This artwork by Fiona Hall, named Book XIII: Trees and their use in supplying perfume (1991) is a part of her series (Historia Non-Naturalis) that is heavily based around nature and culture. Hall first emerged in the 1970’s as a photographer, then after discovering a range of art forms, began her journey as an artist, using techniques such as sculpture, painting, installation gardening designs and metal works. She first became well known for her erotic sardine can series named Paradisus Terrestris.
Hall addresses political and social issues which illustrate an insightful and distinctive look into Hall’s core theme, which is her relationship between nature and culture. This is interwoven throughout a vast majority of Hall’s artworks and is subtlety hinted throughout this art piece. Hall is considered to be one of Australia’s leading contemporary artists. Hall’s collage is a reflection of her well known connection to nature and culture.Order now
The variety of layers and mediums create a lively yet subtlety toned piece giving the viewer a sense of movement and flow through the piece. Hall has manipulated the elements and principles of design to construct an interesting, subtlety coloured collage. Book XIII: Trees and their use in supplying perfume (1991), which is in portrait format includes multiple perfume bottles attached to its surface, with withered roses inside each bottle. The overlying image of three nude women is painted over the bottles and aligned so that they fit and create a well-blended image.
The women are painted in multiple layers of acrylic paint and pastels creating a thick cracked effect upon the edges which adds to the limited color palette Hall has used to create an older, dirtier rustic piece. The bodies of the women work together to create movement and rhythm to this piece, however despite Hall’s use of a limited color palette and arrangement of perfume bottles, it still allows for a distinct foreground, mid ground and back ground. For example the foreground consists of the perfume bottles, as they are raised from the rest of the piece creating level and depth to Hall’s work.
Throughout the various perfume bottles, Hall has painted parts of these three women onto them, which blurs the lines between the foreground and mid ground, but distinctively the bottles seem to slightly give more depth to the women, alternatively pushing them into the mid ground. In the background there is minimal depth but Hall has created multiple layers of mixed media, which include paint, pastels, fabric, and paper, which complement the overall unity of the piece, creating a gentle, flowing piece of artwork.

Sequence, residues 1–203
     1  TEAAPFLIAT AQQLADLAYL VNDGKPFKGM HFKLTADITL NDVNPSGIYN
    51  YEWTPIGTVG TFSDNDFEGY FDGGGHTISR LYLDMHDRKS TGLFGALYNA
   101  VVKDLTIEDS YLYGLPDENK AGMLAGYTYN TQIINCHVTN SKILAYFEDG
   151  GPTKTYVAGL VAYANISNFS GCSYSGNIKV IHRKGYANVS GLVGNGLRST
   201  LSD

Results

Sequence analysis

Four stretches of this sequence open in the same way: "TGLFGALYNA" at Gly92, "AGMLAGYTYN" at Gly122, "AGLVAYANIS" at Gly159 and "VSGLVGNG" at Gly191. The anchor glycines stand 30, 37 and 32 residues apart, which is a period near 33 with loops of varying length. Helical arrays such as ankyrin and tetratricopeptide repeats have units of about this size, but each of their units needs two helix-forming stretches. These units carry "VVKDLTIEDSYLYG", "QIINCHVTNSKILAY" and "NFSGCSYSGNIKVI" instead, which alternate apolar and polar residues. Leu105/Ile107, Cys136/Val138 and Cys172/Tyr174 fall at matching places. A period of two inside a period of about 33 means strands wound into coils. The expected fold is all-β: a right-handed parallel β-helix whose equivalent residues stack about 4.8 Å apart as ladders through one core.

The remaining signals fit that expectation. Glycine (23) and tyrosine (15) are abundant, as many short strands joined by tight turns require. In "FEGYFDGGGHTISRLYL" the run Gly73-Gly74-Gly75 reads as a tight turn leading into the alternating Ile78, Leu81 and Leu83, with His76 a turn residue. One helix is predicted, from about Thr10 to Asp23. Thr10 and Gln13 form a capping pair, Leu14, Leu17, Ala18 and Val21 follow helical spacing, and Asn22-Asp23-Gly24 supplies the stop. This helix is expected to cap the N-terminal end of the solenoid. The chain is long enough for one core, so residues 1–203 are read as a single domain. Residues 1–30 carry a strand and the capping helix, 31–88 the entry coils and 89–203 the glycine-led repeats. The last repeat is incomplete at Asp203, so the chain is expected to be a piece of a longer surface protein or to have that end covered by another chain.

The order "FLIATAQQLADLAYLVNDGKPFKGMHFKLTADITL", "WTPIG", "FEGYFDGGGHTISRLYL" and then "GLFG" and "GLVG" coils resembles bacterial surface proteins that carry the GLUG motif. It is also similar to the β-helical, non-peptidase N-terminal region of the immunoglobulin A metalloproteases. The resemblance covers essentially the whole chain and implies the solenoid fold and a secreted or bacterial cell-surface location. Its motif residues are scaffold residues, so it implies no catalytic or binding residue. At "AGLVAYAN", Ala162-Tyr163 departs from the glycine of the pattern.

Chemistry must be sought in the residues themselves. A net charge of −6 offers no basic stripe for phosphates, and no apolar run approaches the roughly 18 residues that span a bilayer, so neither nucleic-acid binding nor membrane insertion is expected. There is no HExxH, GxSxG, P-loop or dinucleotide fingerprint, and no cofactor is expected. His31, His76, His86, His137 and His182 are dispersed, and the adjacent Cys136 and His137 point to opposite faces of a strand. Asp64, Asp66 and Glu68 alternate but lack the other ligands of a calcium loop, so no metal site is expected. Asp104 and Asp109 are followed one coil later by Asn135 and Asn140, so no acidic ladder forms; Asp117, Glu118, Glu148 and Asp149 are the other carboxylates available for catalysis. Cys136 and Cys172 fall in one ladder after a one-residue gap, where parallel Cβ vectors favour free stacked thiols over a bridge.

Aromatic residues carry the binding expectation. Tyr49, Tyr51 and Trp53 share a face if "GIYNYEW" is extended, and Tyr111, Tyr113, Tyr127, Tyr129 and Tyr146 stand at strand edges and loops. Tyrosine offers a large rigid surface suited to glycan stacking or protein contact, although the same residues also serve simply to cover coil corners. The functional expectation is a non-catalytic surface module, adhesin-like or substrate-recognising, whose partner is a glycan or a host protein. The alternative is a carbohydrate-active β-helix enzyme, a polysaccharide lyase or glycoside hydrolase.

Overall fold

Hall has purposely manipulated the elements and principles of art to design an authentic, emotional artwork that is a powerful representation of Hall’s connection with nature and culture. Line, color and shape, are all critical in Halls artworks to convey her emotions. The line in this artwork is descriptive, embellishing the background surface and also parts of the women’s bodies. It is used freely to outline their hands and their bodies in some areas. The colors used throughout this artwork are mostly tints and shades of blacks, whites and warm yellows.
The shapes within this artwork are organic, and this is shown in almost every shape. The perfume bottles are geometric shapes showing that this mix with geometric and organic shape is how Hall displays her interest in nature and culture and expresses this in her artwork. Textures on this artwork range from fabric, to paint, to wall paper; these are all mainly applied onto the background and mid ground areas to show the cracked background and the women’s hair.
The manipulation of patterns is everywhere in Halls artwork. It is shown in the women’s hair, and in multiple areas throughout the background of the image. The contrast between the hard geometric shapes of the perfume bottles against the soft flowing lines of the women’s bodies has created an interesting image calling for more focus to comprehend the other images underneath. The repetition of colors and tones create a subtle image that reinforces the harmony and unity of this piece.
Hall’s use of shades and tones has created a dark, washed out look to her artwork yet it also creates an eerie yet beautiful mood and feel. She has incorporated the use of withered roses and perfume bottles to reinforce her links with the land and her culture, knowing that this is evident throughout all of Hall’s art pieces. She’s also incorporates text “Skin Deep which refers to her intent and purpose of this artwork which was to address the social issue of what is beautiful and the fact that beauty and perfume are both only skin deep.
Hall has used the perfume bottles as the focal point as they are raised, and with the color of the withered roses being a different color to all the others, brings attention to them. The title of this piece reinforces the underlying message and mood of this piece which is to say that beauty is only “Skin Deep . Hall’s artwork Book XIII: Trees and their use in supplying perfume (1991) has clearly and evidently reflected her intentions and emotions through every aspect of her collage while still creating a harmonized, unified piece.
Her artwork clearly reflects the slow, flowing movement and rhythm of this social issue while confronting it head on. The variety of layers and mediums that Hall has incorporated create a lively yet subtlety, toned piece giving the viewer a sense of movement and flow throughout. Hall has manipulated the elements and principles of design to construct an interesting, subtlety, coloured collage.